1. P R E P A R E D B Y :
M R . H A R D I K A . P A T E L
A S S T . P R O F .
M E C H A N I C A L E N G I N E E R I N G D E P A R T M E N T
Atmiya Institute of technology
and Science, Rajkot
POKA YOKE AND JIDOKA
3. Poka Yoke
Zero Defects through Mistake-Proofing
Methods that help to avoid mistakes in work caused by choosing the
wrong part, leaving out a part, installing a part backwards, etc. Also called
mistake-proofing, error-proofing and baka-yoke (fool-proofing).
The term poka-yoke was applied by Shigeo Shingo in the 1960s to
industrial processes designed to prevent human errors.
Shingo redesigned a process in which factory workers, while assembling a
small switch, would often forget to insert the required spring under one of
the switch buttons. In the redesigned process, the worker would perform
the task in two steps, first preparing the two required springs and placing
them in a placeholder, then inserting the springs from the placeholder into
Defects occur when the mistakes are allowed to reach the
5. Types of poka-yoke
Contact method where a sensor determines the presence of
a part in a process and if the part is missing, it prevents the
process from continuing. The sensors could be physical
sensors or energy sensors such infrared.
Fixed-value method is a form of poka-yoke that uses a
sensor to determine whether a process is complete by the
number of parts that have been used or the number of process
steps taken. If the right number of steps or parts have not
been used, this indicates an error and the process is stopped.
This method is also known as the counting method of mistake
Motion-step method uses a sensor to determine whether
all the prerequisite process steps have been undertaken. If a
step in the process has been missed, a signal is sent to the
subsequent process to stop. This forces a correction of the
problem before the process can continue and is a very
effective error-proofing technique.
6. Benefits of Poka Yoke
Quality processes resulting in quality products. It is very hard for a
process that is not of high quality to result in quality products or
services. All processes must be capable of achieving value for the
customer and this is possible through elimination of waste.
Effective teams who work in a coordinated manner so as to deliver
value to the customer. Such teams look at the system as a whole and
know their what roles they have to play so as to achieve the overall
Problem solving culture where there is no blaming when problems
occur, but a concerted effort to resolve the real issues. This culture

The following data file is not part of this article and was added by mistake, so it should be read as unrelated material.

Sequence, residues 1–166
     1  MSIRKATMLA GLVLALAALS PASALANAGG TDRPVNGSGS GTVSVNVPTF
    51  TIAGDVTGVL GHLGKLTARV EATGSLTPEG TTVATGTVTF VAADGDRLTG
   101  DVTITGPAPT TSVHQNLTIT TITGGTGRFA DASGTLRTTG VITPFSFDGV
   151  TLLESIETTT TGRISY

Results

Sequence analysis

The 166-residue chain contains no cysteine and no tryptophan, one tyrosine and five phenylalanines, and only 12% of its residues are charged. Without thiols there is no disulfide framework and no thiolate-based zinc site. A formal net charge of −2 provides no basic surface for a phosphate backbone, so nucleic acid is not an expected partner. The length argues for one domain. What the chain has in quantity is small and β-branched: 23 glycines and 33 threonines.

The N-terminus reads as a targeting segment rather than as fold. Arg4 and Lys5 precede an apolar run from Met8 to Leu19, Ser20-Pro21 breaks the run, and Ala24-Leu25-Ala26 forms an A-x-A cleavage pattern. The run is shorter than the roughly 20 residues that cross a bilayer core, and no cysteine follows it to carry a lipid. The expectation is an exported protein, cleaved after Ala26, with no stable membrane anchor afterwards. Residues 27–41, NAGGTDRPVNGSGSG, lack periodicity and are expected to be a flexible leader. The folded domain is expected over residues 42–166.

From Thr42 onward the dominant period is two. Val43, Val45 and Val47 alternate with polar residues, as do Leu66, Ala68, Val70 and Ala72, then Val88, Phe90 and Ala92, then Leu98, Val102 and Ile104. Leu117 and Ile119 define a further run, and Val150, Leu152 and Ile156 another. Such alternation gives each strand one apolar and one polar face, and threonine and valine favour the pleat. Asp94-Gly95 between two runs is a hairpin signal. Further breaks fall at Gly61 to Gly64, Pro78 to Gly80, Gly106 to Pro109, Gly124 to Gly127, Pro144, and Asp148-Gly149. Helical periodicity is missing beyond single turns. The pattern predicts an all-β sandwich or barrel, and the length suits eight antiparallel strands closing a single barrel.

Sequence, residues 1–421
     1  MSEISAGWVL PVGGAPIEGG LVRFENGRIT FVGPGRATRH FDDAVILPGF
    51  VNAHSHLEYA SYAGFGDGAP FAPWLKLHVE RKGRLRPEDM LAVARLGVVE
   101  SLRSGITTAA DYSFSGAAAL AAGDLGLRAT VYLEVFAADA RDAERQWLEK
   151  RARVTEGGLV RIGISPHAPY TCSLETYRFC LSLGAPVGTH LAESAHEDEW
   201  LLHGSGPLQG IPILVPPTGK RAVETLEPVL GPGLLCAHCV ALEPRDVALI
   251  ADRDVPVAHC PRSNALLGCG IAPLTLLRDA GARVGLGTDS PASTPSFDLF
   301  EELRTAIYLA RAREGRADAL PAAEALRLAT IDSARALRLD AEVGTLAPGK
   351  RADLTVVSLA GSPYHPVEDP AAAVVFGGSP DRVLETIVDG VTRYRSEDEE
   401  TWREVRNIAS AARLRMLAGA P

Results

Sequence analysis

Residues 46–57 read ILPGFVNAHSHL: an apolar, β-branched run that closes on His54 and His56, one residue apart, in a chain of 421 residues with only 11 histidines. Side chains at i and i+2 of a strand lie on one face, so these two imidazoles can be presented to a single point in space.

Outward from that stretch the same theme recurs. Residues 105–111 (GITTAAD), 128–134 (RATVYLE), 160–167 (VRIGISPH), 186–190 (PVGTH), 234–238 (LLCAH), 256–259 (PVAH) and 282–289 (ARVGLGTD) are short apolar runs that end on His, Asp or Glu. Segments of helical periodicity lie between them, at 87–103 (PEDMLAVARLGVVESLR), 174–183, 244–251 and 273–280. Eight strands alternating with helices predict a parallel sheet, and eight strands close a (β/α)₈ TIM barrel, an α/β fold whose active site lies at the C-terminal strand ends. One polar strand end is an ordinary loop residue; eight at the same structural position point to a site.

allows constant learning to take place within an organization
because there is no finger-pointing when a problem occurs.
Solving the root cause guarantees that it will not recur in the
future. This is achieved by conducting a root cause analysis to get
to the real reason why a problem occurred.
7. Benefits of Poka Yoke
First time quality is an important principle because it ensures
that every effort is made to achieve quality within process.
This is in contrast to a culture that continuously pushes out
parts irrespective of the quality because there will be a
reworking if bad parts are produced
Waste elimination is at the heart of lean thinking because
product quality improves and delivery times and costs are
reduced. Waste in lean thinking is defined as an action or
activity that consumes resources but does not add value to the
Continuous improvement of the solutions. This incremental
improvement takes a cyclical pattern of problem identification,
problem analysis, solution implementation and improvement.
Jidoka is about quality at source, or built in quality; no
company can survive without excellent quality of product
and service and jidoka is the route through which this is
Jidoka highlights the causes of problems because work
stops immediately when a problem first occurs.
Jidoka sometimes is called automation with human
Toyoda's innovation let one operator control many
machines. In Japanese, jidoka is a Toyota-created word
pronounced exactly the same as the Japanese word for
automation, but with the added connotations of humanistic
and creating value.
Jidoka is one of the two pillars of the Toyota Production
System along with just-in-time.
12. Development of Jidoka
Initially Jidoka invented by Sakichi Toyoda in 1896.
A simple device that could stop the shuttle on an automatic
textile loom if the thread broke.
It consist of:
Discover an abnormality in the process
STOP alerted the operator to a problem
Fix the immediate problem
Investigate and correct root cause
This principle became known as automation with a human
The principles that were applied to machines with
Automation were applied to the whole process by Taiichi
14. Benefits of JIDOKA
The first benefit is the reduction of repair costs.
The second benefit of Jikoda is the reduction of
recall costs, if the products and goods are produced
with machines only, there may be inherent defects
which may not be detected through sampling.
The third benefit of Jikoda is the minimization of law
suits and compensations to the consumers as the
goods and products being sold are of high quality
hence reducing the company’s liability.